Tuesday, October 14, 2014

Eisenhower: A Short Bio Of A President Long On Leadership Skills

My friend and former editor Frank Wilson offers a good review of Paul Johnson's Eisenhower: A Life for the Philadelphia Inquirer.

As recounted in Eisenhower: A Life, a new brief biography by the British writer Paul Johnson, the life of Dwight David Eisenhower was one of steady, uninterrupted success - five-star general, supreme commander of Allied Forces in Europe during World War II, 34th president of the United States, elected twice, both times by landslides, and still popular when he left office. Heck, just a year before he died, he hit a hole-in-one on the golf course.

Yet one feels sad when one finishes Johnson's book. Not for Eisenhower, but for the country he served so well.

A joke making the rounds as his presidency neared its end told of the Eisenhower doll: You wound it up and it did nothing for eight years. But we could use plenty of that nothing these days. As Johnson points out, Eisenhower gave America nearly "a decade of unexampled prosperity and calm. The country had emerged from the Korean War and the excesses of McCarthyism. Inflation was low. Budgets were in balance or with manageable deficits. The military-industrial complex was kept under control. . . . Thanks to Ike's fiscal restraint, prices remained stable and unemployment only a little more than 4 percent."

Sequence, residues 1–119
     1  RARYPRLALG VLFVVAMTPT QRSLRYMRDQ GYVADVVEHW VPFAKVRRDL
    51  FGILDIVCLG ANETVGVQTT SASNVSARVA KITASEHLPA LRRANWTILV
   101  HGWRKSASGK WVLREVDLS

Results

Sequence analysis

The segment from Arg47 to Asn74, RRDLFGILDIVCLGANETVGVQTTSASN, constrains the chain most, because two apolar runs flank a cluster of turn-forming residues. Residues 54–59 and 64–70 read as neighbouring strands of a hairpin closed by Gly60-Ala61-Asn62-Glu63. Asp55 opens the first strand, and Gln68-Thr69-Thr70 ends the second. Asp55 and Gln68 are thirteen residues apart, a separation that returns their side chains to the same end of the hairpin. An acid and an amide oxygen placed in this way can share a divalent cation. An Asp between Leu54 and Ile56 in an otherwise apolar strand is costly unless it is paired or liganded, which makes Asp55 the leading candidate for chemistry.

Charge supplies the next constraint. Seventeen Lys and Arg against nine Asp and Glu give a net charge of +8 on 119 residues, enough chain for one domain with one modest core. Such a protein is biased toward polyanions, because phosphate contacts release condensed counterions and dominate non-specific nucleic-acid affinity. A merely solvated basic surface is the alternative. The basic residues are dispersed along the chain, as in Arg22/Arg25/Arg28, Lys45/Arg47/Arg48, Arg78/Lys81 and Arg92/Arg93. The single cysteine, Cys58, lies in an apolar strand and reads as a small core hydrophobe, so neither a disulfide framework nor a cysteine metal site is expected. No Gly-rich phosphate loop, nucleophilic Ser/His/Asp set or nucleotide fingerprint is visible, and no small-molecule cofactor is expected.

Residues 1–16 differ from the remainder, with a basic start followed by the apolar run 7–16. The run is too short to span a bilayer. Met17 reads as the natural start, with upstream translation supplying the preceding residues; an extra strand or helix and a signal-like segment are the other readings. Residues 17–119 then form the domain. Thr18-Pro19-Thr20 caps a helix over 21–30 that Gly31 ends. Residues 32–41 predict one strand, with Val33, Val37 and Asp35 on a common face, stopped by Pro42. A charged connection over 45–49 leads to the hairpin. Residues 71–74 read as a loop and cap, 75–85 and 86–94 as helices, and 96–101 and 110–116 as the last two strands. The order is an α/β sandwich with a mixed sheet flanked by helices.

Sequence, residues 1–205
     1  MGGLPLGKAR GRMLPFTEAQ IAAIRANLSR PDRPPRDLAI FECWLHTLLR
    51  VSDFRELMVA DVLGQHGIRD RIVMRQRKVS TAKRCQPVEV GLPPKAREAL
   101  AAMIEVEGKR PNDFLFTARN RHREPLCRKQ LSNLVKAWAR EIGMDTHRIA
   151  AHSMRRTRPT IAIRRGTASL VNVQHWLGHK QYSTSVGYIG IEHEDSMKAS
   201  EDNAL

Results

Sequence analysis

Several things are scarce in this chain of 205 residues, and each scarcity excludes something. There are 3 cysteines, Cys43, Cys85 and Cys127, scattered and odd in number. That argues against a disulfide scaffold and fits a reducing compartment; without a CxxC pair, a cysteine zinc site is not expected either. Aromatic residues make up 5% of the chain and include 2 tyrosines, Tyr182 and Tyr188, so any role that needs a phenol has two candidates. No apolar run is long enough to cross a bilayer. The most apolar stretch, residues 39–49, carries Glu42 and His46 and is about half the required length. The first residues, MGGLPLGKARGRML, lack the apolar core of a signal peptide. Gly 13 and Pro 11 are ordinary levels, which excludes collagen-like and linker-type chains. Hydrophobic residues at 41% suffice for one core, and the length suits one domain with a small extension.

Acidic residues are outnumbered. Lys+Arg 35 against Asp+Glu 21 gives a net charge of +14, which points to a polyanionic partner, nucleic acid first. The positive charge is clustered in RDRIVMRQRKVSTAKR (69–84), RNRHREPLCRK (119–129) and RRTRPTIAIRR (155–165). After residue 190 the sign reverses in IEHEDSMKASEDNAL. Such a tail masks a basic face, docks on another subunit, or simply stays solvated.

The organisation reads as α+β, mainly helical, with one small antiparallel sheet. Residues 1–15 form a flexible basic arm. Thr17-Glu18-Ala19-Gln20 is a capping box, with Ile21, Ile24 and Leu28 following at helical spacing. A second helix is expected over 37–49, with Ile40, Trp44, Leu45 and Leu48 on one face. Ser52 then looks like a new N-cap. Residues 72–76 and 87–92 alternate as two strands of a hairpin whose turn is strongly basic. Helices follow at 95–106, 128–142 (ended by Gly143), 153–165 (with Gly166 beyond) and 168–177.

You can read the rest of the review via the below link:
You can also visit Frank Wilson's popular literary blog Books, Inq via the below link:

Note: As for keeping the "military-industrial complex" under control, one should bear in mind that it was the so-called military-industrial complex that has kept us safe all of these years, won the Cold War, put us in space, took us to the depths of the ocean, gave us the Internet and other technological advances, and even killed bin Laden.

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